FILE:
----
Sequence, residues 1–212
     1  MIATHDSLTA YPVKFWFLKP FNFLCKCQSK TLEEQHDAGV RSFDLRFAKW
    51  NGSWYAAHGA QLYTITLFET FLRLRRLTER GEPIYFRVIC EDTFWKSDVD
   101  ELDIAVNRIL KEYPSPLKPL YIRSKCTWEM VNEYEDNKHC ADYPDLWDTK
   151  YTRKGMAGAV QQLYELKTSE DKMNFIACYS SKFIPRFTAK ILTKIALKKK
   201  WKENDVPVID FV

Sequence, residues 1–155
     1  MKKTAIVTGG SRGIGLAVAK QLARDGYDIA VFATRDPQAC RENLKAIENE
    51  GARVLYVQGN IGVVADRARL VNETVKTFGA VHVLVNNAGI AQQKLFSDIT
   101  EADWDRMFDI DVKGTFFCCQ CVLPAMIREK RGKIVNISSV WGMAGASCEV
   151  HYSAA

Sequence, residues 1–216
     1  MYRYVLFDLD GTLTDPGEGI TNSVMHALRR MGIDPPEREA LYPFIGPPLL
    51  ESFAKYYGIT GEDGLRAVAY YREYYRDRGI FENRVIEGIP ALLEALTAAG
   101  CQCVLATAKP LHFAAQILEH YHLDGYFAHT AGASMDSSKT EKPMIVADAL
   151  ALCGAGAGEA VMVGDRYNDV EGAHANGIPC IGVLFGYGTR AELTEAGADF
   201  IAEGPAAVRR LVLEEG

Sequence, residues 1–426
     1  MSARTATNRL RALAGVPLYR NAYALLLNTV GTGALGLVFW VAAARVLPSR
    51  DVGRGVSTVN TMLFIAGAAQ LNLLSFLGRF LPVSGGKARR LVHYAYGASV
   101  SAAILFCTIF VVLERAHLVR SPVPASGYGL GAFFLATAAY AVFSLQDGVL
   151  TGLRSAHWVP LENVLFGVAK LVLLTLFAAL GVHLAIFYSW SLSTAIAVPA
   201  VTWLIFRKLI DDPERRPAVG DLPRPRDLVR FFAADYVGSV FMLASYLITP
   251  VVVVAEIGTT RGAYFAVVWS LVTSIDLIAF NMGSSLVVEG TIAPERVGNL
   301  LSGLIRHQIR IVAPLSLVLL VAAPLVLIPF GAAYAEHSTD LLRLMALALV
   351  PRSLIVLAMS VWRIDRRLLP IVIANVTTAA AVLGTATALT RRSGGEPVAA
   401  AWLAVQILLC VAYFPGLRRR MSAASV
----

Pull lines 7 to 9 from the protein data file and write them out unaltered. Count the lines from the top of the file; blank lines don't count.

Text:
Sequence, residues 1–155
     1  MKKTAIVTGG SRGIGLAVAK QLARDGYDIA VFATRDPQAC RENLKAIENE
    51  GARVLYVQGN IGVVADRARL VNETVKTFGA VHVLVNNAGI AQQKLFSDIT